What NFL Players Are Eating to Prepare for the Super Bowl

These days, many professional football players consider meal planning a quintessential aspect of their training regimens, and it’s in large part thanks to Dr. Susan Kleiner, a sports nutritionist who headed the NFL’s first full-time nutrition program back in the early 1990s for the Cleveland Browns.

Back then, the biggest challenge was getting athletes to lay off the Big Macs and deep-fried foods, Kleiner told Yahoo Food. But a lot has changed in the intervening two-plus decades.

“Today, we understand the power of sports nutrition,” Kleiner told Yahoo Food. That means eating “a diet rich in plant foods, although at heart it’s an omnivore’s diet.”

So what might players on the Carolina Panthers and Denver Broncos be eating in the run-up to Super Bowl 50? Kleiner gives us her best predictions below.

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“They must have carbs stored in their muscles around [the time of] their training and games, so they’re fully fueled,” Kleiner said, adding that knowing they’re fueled is just as important to an athlete’s confidence. “If they are under-fueled, just like anyone, they will not perform at peak levels.”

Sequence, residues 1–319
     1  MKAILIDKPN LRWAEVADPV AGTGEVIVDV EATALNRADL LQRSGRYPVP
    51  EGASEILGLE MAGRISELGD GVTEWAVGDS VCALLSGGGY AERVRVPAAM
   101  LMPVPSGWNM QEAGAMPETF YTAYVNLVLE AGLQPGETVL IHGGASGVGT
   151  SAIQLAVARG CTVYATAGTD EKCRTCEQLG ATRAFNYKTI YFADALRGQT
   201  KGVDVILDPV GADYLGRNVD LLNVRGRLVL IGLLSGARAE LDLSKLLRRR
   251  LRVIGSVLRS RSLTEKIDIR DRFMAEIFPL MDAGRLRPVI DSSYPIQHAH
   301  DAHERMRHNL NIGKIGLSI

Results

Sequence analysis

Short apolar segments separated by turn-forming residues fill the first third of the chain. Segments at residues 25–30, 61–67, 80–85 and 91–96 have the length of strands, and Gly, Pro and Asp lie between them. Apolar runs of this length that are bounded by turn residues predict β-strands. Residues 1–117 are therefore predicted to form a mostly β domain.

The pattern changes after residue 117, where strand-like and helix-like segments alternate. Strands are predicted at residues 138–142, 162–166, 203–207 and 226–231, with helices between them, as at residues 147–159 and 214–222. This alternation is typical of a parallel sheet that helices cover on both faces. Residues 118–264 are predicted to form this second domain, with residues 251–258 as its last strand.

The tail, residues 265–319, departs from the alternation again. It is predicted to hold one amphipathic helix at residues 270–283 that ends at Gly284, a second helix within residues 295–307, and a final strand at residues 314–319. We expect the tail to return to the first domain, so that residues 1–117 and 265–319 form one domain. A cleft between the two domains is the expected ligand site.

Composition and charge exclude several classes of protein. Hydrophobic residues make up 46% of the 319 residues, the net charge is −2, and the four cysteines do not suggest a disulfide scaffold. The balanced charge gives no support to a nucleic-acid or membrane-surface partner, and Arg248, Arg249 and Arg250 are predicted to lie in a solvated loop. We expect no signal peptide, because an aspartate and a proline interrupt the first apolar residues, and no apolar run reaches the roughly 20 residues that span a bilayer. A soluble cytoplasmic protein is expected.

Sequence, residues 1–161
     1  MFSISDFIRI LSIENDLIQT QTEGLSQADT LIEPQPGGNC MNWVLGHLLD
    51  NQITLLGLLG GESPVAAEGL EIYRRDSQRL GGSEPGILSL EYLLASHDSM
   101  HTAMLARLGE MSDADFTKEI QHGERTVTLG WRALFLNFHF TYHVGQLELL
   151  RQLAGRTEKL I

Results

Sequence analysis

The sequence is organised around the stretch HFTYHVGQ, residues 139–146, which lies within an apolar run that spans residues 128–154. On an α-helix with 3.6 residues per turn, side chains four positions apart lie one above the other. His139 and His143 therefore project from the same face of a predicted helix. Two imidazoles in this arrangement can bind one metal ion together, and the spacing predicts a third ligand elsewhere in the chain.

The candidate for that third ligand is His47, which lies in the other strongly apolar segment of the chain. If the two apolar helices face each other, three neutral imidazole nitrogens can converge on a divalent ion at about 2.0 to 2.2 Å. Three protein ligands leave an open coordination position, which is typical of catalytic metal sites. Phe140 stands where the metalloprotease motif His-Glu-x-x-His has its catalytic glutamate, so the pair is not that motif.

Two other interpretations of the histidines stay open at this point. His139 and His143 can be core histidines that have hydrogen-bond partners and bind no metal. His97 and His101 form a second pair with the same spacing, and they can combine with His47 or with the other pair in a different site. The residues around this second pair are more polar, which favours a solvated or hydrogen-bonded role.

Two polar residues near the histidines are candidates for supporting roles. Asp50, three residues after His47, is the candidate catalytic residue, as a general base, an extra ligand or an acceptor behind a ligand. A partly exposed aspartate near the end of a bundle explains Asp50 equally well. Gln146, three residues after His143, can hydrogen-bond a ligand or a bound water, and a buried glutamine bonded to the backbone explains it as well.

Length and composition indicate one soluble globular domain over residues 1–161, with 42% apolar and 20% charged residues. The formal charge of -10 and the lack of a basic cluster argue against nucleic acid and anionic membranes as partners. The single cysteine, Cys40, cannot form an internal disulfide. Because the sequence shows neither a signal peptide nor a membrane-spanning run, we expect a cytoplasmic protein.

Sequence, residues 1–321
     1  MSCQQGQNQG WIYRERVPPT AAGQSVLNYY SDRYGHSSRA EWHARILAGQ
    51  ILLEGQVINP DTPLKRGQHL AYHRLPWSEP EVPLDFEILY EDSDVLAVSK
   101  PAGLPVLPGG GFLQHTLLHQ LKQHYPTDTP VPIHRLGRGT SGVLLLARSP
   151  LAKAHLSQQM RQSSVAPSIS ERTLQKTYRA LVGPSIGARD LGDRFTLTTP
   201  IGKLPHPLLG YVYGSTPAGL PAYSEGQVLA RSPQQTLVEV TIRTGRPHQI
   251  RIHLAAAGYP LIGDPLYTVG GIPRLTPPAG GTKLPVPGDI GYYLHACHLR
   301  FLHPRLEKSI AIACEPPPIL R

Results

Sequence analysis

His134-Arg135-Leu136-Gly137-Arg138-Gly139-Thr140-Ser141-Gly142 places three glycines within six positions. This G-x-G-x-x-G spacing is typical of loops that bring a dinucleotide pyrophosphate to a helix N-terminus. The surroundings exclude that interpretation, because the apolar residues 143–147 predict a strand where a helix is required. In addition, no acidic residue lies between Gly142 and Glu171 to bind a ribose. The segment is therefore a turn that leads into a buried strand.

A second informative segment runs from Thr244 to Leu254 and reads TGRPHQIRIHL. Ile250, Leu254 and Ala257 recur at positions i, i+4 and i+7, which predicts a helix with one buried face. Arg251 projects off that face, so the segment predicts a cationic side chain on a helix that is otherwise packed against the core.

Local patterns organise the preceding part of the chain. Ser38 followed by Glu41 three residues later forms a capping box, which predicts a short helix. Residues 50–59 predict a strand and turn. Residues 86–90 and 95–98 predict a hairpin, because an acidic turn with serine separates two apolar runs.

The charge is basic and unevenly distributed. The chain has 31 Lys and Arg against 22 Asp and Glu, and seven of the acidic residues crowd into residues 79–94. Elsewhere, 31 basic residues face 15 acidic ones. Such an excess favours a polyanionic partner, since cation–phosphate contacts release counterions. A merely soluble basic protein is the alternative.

Good carbs to nosh on? Beans, legumes, nutrient-rich grains, and starchy vegetables, Kleiner said.

It’s no secret that football players take a beating on the regular, but the right diet can improve the speed of their bounce-back.

“Muscle soreness from their athletic endeavors — on top of tissue soreness from bruises and other injures — does much better when they have a diet rich in anti-inflammatory foods,” Kleiner said. “Healthy, high-performance fats — olives and extra-virgin olive oil, nuts and seeds, nut butters and seed butters, and avocados — all of these present important foods that we focus on as anti-inflammatory.”

Known as monounsaturated fats, they’re much different from those found in fried, packaged, snack, and fast foods, Kleiner explained. “Those are high in fats that promote inflammation,” she said.

Carotenoids, the compounds responsible for the deep shades of red, yellow, orange, and green in certain fruits and vegetables, are well-known antioxidants, which may help reduce inflammation. Naturally, Kleiner is a fan.

“Cherries, berries, citrus fruits, tropical fruits — all of them play an important role in a football player’s diet,” she said, as do vegetables like kale, spinach, collard greens, chard, and carrots.


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